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John Reitman

By John Reitman

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Research focuses on saving pollinators

27a08a843fd14b04928e2d78e3628907-.jpgSometimes, it's necessary to kill a few bees to save thousands.

 

That's the case at the University of Kentucky where former USGA Green Section Award winner Dan Potter, Ph.D., and some of his post-graduate students have been performing seminal research on protecting pollinator populations.

 

Research performed under Potter's direction by doctoral candidate Jon Larson shows that neonicotinoids applied to flowering weeds can adversely affect pollinators such as honeybees and bumblebees.

 

According to the research, colonies exposed to clothianidin, which is a neonicotinoid pesticide, failed to produce new queens, while colonies exposed to plots treated with chlorantraniliprole developed normally, compared with the untreated control. Both insecticides are popular options for control of white grubs, caterpillars and other non-desirable pests that forage at or near the surface.

 

Larson's work shows that pollinators were not adversely affected when treated flowers were removed by mowing and new ones grew in their place.

 

Honeybee and bumblebee populations have been on the decline for years, and although one cause for such a decline has not been identified by researchers, the consensus in the academic community is that a variety of issues that include chemical exposure, parasite pressure and habitat loss, are coming together at once to challenge pollinator populations says Emily Dobbs, another of Potter's students.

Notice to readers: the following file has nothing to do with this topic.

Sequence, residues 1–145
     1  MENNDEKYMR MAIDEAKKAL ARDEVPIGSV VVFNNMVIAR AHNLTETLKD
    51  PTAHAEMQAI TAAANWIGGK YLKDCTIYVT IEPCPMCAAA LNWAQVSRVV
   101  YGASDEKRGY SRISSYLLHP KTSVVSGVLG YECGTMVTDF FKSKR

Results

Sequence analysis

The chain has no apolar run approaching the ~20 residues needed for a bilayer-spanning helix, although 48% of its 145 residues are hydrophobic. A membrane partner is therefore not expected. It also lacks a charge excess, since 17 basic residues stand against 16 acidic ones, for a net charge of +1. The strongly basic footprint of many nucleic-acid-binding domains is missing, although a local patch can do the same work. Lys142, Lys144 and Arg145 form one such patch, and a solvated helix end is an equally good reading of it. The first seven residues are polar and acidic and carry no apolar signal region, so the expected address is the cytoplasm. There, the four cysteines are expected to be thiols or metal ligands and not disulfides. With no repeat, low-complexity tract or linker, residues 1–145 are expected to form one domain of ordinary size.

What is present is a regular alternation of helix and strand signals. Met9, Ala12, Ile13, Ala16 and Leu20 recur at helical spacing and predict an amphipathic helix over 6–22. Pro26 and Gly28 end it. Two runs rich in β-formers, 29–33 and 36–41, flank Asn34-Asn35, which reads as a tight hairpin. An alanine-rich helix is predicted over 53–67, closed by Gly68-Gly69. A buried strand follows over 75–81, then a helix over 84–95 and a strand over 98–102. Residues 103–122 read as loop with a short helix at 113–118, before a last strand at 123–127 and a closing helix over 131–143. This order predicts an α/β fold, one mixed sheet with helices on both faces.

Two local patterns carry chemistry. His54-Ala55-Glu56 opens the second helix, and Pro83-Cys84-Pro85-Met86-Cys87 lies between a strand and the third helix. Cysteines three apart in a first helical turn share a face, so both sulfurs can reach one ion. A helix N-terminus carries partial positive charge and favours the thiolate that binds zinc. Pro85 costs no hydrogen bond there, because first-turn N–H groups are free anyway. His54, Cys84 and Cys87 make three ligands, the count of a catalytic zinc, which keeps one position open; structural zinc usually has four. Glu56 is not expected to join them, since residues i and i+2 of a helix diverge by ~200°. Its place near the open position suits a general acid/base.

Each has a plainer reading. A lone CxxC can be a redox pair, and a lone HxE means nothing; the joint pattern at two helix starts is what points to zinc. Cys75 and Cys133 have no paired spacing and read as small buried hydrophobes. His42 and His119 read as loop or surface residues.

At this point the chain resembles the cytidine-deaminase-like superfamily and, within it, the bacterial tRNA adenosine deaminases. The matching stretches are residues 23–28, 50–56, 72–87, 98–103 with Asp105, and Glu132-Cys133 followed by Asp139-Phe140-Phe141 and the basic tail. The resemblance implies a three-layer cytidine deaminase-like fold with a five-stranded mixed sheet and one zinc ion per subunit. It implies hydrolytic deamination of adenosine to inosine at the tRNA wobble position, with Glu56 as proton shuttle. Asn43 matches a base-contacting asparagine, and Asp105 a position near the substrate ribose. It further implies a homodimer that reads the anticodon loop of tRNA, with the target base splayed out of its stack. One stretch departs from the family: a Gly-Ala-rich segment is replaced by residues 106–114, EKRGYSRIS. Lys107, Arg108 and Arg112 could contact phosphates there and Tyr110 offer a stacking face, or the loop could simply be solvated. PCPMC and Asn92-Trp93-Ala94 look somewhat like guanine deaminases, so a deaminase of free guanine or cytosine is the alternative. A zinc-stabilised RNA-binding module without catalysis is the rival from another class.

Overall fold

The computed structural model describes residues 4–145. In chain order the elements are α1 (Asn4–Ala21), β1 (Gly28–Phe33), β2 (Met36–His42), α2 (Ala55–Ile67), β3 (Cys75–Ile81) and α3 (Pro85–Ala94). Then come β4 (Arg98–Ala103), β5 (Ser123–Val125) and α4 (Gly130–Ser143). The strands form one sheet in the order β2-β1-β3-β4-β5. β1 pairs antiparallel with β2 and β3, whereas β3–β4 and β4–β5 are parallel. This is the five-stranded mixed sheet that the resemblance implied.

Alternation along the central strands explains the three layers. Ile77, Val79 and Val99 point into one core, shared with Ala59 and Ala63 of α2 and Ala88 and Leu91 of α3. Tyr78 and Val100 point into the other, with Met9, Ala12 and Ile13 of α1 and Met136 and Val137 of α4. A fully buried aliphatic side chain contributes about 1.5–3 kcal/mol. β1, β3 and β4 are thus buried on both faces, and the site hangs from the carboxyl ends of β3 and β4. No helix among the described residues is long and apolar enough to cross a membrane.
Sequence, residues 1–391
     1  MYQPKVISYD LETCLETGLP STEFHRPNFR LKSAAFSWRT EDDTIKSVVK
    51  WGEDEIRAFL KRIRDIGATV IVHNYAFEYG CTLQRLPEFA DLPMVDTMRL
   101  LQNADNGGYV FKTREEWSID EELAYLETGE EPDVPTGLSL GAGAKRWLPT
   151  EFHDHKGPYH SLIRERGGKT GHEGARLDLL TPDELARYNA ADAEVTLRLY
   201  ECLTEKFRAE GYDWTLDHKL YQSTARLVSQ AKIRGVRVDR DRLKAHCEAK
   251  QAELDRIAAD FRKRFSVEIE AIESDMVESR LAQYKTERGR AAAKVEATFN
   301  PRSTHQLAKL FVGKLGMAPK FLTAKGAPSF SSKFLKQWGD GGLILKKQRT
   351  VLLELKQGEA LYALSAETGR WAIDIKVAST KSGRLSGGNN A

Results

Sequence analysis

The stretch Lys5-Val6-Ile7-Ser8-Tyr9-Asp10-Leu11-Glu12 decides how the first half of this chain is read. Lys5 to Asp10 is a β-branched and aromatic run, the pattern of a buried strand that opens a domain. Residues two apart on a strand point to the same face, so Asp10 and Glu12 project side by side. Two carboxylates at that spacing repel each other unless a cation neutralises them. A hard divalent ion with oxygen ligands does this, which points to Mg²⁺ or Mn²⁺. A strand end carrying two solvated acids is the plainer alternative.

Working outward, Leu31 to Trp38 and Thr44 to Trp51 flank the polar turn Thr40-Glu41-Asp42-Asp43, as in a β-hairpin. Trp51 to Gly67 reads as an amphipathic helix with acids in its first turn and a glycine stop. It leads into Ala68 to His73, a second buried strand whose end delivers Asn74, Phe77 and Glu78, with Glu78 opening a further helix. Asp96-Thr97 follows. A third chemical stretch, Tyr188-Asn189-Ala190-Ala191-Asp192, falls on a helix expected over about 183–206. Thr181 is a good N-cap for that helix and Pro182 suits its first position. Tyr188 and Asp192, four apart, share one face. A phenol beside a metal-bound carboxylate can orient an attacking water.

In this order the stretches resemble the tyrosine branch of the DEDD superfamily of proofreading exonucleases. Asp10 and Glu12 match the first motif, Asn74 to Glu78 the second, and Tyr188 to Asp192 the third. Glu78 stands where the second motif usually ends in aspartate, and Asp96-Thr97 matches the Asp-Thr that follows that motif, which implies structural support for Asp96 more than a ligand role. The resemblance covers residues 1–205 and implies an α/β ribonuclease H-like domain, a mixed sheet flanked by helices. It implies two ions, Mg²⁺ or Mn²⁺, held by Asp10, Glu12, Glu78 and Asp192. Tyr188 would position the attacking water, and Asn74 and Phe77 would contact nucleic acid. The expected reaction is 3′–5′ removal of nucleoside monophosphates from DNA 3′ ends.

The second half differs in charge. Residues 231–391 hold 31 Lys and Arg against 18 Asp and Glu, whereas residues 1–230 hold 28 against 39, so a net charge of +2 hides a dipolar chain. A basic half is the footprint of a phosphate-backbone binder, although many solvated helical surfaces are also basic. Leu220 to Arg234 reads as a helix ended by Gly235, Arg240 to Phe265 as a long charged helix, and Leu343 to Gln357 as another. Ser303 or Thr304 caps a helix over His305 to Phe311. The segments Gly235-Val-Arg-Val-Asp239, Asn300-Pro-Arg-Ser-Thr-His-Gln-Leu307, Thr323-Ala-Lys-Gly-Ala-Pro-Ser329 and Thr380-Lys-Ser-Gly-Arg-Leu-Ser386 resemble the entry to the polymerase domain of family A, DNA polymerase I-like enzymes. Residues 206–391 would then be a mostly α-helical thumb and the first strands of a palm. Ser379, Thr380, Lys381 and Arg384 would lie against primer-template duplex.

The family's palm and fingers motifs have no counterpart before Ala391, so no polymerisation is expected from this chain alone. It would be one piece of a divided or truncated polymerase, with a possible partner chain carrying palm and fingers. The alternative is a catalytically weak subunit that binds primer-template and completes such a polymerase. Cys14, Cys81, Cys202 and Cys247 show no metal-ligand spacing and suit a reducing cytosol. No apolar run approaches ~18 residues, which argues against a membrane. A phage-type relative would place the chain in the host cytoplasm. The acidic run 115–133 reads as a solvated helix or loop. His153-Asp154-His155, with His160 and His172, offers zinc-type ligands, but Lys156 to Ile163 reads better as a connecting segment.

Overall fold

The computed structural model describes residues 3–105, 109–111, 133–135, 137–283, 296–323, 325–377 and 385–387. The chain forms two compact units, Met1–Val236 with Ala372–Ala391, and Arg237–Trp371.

"It's a very complicated issue, and I don't think anyone really knows what is causing colony collapse. I do know that the belief in the academic community is that several things are combining to create a perfect storm, such as habitat loss and fragmentation, pesticide use and parasitic pressure," Dobbs previously told TurfNet.
 
"Any one of those things alone wouldn't be enough to take down a bee colony, but when they're all happening at the same time, the bees can't withstand that."

 

Whatever the cause of colony decline, Potter says one thing researchers can agree on is that bee populations need help.

 

"With honeybee populations struggling," said Potter, recipient of the 2010 Green Section Award. "We need to rely on native bees, such as bumblebees, to pick up the slack on plant pollination."


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